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Weekly Update - September 4, 2021: Twitter, YouTube, LinkedIn

This is Labor Day weekend in the United States. It isn’t just the (unofficial) end of summer, or a day to shop the sales. It’s a day to recognize the contributions of US workers. Take the day off if you can!

This week Twitter launched Super Follows, LinkedIn is killing stories, YouTube is launching Music Library attributions while removing old video attributions, you can access more of your Google Drive files offline and more.

Upcoming changes

If you created videos in the old YouTube Video Editor that included Creative Commons Attribution (CC BY) clips, YouTube automatically added a “view attributions” link to that video description. That is being removed after September. Creators should add the attribution to the video description manually. If you are not sure if that applies to your content, you can submit a form requesting a list of affected videos.

However, what is old is new. YouTube is launching automatic attributions for music used from the YouTube Audio Library in the current YouTube Video Editor.


  • YouTube CEO Susan Wojcicki penned an op-ed in the Wall Street Journal explaining why content moderation should not be overseen by governments. “Companies should have flexibility to develop responsible practices to handle legal but potentially harmful speech.”
  • There are interesting insights from Chris Sacca about Google’s acquisition of YouTube (yes, it’s a Twitter thread).
  • Six years after launch, YouTube Music and Premium now have 50 million subscribers. That is comparable to Sirius XM’s Pandora, but far behind Spotify’s 165 million premium subscribers.
  • Hate raids are a problem on Twitch. While friendly raids can help a channel’s growth, some creators see their chat flooded with bots posting hateful content. To protest creators and viewers took #ADayOffTwitch. In response, Twitch says they are working on features to combat the problem.



Web Publishers

  • Google Ad Manager has a new series of videos focusing on privacy-related topics for publishers. The first episode looks at third party cookies and the Privacy Sandbox.

Social Media

  • Google Chrome is working on a new way to create fancy pull quote cards from websites. If you are using Chrome Beta, you can try it by going to chrome://flags and set webnotes-stylize to “Enabled”.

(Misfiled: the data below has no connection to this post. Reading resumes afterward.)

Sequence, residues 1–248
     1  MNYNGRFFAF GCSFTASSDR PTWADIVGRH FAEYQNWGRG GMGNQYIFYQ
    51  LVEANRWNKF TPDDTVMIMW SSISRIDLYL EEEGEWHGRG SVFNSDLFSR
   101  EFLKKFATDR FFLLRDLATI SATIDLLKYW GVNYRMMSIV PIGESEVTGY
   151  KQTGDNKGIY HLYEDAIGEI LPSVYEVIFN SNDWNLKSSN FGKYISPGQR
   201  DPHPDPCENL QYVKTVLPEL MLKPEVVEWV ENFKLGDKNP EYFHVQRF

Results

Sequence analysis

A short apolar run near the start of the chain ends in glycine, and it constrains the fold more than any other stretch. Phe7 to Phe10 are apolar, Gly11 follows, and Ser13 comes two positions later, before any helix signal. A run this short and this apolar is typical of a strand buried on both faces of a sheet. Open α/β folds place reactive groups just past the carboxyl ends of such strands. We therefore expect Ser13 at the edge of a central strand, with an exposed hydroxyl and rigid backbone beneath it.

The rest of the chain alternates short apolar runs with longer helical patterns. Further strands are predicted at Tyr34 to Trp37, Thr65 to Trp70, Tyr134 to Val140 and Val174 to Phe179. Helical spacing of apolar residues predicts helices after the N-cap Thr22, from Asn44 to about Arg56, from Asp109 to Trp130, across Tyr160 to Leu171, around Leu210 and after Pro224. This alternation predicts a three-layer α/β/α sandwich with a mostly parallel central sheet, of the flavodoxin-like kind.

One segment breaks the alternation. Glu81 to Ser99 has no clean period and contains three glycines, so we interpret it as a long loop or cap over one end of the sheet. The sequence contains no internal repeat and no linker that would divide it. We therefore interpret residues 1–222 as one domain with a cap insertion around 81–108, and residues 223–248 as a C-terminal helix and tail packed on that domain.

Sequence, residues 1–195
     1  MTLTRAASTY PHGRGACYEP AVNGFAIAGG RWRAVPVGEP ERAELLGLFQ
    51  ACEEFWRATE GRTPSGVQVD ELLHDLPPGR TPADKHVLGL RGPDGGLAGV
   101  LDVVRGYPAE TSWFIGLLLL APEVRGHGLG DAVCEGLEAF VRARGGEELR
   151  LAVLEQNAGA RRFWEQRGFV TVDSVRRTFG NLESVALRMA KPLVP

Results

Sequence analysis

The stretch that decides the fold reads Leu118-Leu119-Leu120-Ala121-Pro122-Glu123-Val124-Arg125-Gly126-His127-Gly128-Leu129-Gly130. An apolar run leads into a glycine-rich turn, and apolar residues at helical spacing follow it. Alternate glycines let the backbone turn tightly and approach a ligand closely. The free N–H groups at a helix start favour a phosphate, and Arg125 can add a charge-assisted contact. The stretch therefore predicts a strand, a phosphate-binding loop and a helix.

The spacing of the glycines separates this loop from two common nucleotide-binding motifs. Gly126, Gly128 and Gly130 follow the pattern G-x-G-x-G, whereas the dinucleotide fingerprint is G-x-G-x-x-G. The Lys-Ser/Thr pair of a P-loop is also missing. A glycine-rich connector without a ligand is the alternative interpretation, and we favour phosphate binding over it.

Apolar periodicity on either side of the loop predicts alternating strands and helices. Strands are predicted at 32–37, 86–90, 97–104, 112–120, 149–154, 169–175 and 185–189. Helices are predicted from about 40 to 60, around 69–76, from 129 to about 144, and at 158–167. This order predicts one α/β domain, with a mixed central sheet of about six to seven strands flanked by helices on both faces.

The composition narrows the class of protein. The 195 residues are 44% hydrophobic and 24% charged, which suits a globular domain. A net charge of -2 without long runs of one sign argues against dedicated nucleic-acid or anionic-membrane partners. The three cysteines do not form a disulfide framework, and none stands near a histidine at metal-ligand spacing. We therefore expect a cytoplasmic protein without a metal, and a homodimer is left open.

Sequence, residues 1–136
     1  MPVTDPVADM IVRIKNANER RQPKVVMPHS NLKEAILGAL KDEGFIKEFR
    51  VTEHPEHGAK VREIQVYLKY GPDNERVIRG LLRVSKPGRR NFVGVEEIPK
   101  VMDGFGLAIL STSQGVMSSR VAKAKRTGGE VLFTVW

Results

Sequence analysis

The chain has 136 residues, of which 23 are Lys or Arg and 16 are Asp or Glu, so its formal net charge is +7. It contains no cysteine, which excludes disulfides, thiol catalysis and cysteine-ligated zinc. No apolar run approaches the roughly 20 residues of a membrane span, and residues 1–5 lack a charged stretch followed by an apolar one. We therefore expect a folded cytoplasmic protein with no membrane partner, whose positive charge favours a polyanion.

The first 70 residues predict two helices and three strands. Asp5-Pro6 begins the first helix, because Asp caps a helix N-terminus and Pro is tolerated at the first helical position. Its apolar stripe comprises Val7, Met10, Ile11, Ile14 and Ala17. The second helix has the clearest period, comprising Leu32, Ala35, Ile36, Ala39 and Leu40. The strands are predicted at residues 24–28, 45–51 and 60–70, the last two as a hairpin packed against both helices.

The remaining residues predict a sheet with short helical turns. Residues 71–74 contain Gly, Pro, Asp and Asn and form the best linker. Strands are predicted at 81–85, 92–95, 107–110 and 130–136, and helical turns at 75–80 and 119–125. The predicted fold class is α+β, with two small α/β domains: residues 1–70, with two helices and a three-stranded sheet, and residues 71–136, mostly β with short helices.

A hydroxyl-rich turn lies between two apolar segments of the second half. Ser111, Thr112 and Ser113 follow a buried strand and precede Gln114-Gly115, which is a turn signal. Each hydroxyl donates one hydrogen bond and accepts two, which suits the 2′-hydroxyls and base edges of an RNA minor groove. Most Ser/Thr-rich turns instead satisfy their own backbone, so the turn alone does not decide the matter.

• Twitter officially launched Super Follows. Twitterers can offer paid subscribers exclusive content and conversations. This is for creators who are at least 18, have 10,000 followers, and have Tweeted at least 25 times in the past 30 days. Currently this is being offered by a small number of creators in the United States and is limited to iOS devices.
  • LinkedIn is removing Stories by the end of September. The “fun” “casual” content maybe wasn’t a great match for what professes to be a business networking platform. There will be a new video “experience” eventually, taking into account user’s desire to have non-disappearing content and adding creative tools.
  • Facebook Gaming Partners can now play background music while streaming.
  • Facebook ran a study that shows people appreciate fewer political posts in their feed. Wired points out that “it marks perhaps the most explicit recognition to date by a major platform that “what people engage with” is not always synonymous with “what people value,”...”
  • The Clubhouse audio platform has a new Creator Commons hub, where you can find instructions and tips for hosting - and monetizing - rooms.



That’s all the updates for this week. Subscribe to get the Weekly Update in your email inbox or favorite feed reader every week. Miss last week’s update? Get it here.

Image: The photo today is hardhats by Rudy and Peter Skitterians from Pixabay (free for commercial use). I hesitated using it a bit, because physical labor isn’t the only kind of labor. Labor day is for all workers, whether at a desk, in a shop, on a construction site or anywhere else. But I do like the photo, so I used it anyway.